Dozens of people gathered in Providence Wednesday to protest a proposed constitutional convention in Rhode Island. The debate whether to hold this convention comes up every 10 years.
The constitutional convention gives Rhode Island voters an opportunity to change their state constitution. Delegates outside the general assembly are chosen to represent districts across the state in a meeting to draft referenda that will appear at state-wide elections.
A coalition of non-profits and advocacy groups oppose such a convention. They say it provides an easy path for special interest and big money groups to have disproportionate sway in state politics. Hillary Davis works with the American Civil Liberties Union in Rhode Island.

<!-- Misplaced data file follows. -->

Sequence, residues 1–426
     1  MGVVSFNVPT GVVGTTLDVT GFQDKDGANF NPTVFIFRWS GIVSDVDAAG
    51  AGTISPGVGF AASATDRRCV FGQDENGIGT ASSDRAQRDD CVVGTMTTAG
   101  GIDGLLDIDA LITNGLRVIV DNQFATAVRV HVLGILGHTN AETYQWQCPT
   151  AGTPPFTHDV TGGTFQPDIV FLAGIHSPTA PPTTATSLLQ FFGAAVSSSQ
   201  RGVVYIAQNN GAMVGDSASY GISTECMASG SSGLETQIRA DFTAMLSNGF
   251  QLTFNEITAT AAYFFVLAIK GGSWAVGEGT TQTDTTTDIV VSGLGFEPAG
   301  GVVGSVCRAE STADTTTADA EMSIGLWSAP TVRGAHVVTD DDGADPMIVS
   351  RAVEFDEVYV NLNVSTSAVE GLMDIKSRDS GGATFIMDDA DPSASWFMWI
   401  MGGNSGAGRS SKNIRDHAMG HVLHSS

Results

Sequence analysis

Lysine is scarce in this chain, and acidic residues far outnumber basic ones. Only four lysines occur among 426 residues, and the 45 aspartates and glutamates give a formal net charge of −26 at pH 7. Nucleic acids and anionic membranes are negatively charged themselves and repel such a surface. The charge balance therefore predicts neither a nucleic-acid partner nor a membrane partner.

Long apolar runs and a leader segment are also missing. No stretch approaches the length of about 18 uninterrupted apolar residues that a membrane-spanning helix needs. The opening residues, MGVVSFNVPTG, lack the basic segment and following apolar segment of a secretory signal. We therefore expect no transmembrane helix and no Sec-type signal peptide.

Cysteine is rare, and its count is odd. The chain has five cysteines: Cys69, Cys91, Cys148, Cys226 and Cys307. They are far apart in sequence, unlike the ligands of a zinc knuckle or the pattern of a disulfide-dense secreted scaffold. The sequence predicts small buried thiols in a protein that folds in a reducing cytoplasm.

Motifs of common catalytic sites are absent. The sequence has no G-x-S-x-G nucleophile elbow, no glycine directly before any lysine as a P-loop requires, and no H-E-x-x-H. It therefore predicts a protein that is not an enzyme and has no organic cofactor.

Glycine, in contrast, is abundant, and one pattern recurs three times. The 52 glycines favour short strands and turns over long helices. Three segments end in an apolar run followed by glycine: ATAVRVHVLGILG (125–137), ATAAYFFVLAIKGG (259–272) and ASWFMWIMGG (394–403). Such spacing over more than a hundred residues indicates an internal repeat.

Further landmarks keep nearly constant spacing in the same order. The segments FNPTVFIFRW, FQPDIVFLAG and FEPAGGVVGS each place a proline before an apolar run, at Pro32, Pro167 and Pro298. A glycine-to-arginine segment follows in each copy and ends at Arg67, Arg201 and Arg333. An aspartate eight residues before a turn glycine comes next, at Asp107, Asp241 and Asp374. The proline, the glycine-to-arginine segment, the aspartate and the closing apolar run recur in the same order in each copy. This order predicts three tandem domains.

“I think that it is a misnomer to believe that the constitutional convention is going to operate in a way that is any better than the general assembly. Those outside interests are going to be there, those lobbyists are going to be there, and the convention delegates are not accountable to voters after the fact," said Davis.
Either the General Assembly or the Secretary of State has to put the constitutional convention on the ballot first. Then voters must approve it. The last constitutional convention was held in the mid-80’s.
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